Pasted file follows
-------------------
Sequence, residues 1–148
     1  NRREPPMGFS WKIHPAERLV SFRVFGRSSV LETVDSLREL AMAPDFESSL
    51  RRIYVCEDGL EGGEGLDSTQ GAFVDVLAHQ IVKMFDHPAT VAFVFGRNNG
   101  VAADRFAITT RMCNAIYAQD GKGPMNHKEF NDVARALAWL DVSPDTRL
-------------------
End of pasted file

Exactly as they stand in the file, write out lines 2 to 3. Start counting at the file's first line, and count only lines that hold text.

     1  NRREPPMGFS WKIHPAERLV SFRVFGRSSV LETVDSLREL AMAPDFESSL
    51  RRIYVCEDGL EGGEGLDSTQ GAFVDVLAHQ IVKMFDHPAT VAFVFGRNNG